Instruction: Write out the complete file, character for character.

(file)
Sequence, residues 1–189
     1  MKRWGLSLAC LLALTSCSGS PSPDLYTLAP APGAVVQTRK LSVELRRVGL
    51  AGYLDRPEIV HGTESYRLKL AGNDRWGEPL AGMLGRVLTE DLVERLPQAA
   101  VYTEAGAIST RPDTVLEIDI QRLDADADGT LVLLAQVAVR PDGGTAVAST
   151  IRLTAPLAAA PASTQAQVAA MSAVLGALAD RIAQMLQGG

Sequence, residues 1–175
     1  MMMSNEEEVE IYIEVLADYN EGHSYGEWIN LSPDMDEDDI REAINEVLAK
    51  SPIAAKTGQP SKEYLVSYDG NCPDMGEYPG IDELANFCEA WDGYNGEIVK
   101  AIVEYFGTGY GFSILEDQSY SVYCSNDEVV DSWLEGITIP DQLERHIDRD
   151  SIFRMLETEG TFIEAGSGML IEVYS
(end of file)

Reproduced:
Sequence, residues 1–189
     1  MKRWGLSLAC LLALTSCSGS PSPDLYTLAP APGAVVQTRK LSVELRRVGL
    51  AGYLDRPEIV HGTESYRLKL AGNDRWGEPL AGMLGRVLTE DLVERLPQAA
   101  VYTEAGAIST RPDTVLEIDI QRLDADADGT LVLLAQVAVR PDGGTAVAST
   151  IRLTAPLAAA PASTQAQVAA MSAVLGALAD RIAQMLQGG

Sequence, residues 1–175
     1  MMMSNEEEVE IYIEVLADYN EGHSYGEWIN LSPDMDEDDI REAINEVLAK
    51  SPIAAKTGQP SKEYLVSYDG NCPDMGEYPG IDELANFCEA WDGYNGEIVK
   101  AIVEYFGTGY GFSILEDQSY SVYCSNDEVV DSWLEGITIP DQLERHIDRD
   151  SIFRMLETEG TFIEAGSGML IEVYS